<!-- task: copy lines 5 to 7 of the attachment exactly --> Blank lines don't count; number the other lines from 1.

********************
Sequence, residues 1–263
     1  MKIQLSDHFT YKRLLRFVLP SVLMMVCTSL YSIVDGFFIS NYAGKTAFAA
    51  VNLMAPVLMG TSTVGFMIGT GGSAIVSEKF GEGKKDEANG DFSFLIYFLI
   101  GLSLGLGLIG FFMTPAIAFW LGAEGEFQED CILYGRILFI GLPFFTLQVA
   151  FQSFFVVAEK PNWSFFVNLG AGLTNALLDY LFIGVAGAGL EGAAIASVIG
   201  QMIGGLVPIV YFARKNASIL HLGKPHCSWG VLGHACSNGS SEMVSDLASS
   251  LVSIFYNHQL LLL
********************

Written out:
   151  FQSFFVVAEK PNWSFFVNLG AGLTNALLDY LFIGVAGAGL EGAAIASVIG
   201  QMIGGLVPIV YFARKNASIL HLGKPHCSWG VLGHACSNGS SEMVSDLASS
   251  LVSIFYNHQL LLL